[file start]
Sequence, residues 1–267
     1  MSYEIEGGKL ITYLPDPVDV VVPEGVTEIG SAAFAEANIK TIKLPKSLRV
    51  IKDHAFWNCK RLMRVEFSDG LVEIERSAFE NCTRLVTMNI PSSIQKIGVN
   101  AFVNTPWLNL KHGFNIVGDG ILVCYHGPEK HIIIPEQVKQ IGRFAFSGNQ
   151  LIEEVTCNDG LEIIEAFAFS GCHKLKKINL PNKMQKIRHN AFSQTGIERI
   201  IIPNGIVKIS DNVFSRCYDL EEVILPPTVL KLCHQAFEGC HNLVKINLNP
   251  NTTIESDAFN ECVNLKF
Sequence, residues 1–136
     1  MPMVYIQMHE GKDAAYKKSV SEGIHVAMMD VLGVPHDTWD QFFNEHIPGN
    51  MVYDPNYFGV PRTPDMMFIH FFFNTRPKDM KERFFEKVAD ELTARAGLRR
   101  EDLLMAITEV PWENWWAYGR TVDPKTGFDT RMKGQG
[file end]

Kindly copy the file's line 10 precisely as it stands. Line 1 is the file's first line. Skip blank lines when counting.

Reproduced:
    51  MVYDPNYFGV PRTPDMMFIH FFFNTRPKDM KERFFEKVAD ELTARAGLRR